Plaintiffs often make the mistake of alleging claims of false light on behalf of corporations. This often occurs when the case also involves individual plaintiffs, particularly in the context of internet defamation. It springs from a fundamental misunderstanding of the law.
But California does not recognize a claim for false light for corporations. “This is because the tort is of a personal character ‘concern(ing) one’s feelings and one’s own peace of mind.’” Ion Equipment Corp. v. Nelson (1980) 110 Cal.App.3d 868, 878. “A corporation is a fictitious person and has no ‘feelings’ which may be injured in the sense of the tort.” Id.
Despite the compelling logic of the Ion case, Plaintiffs have attempted to rely on H&M Associates v. City of El Centro (1980) 109 Cal.App.3d 399, which held that a partnership may maintain a cause of action for economic damages for invasion of privacy. However, H&M never determined whether a corporation may state a claim, so it does not apply. Indeed, as the Ion court observed, “there are no California cases recognizing that a corporation enjoys the right of privacy.” Id. And Ion was decided after H&M. And many District Courts have agreed with Ion.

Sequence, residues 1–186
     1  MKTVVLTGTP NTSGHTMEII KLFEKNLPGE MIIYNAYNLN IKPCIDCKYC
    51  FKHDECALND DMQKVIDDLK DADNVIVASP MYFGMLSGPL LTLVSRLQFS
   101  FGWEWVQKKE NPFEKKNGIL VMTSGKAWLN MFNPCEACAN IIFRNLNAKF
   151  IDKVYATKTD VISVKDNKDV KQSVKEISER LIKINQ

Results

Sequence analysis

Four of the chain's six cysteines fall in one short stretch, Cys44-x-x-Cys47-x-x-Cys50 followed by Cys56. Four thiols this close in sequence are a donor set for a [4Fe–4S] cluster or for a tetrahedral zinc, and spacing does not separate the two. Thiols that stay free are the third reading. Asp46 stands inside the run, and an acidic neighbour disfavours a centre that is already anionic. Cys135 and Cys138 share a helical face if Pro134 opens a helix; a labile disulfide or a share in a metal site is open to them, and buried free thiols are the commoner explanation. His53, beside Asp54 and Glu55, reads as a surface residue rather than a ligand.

Because California does not recognize a claim for false light for corporations, Plaintiffs cannot state a claim for such a tort. And because Plaintiffs cannot state a claim, they can expect to suffer either a demurrer without leave to amend or dismissal by anti-SLAPP motion.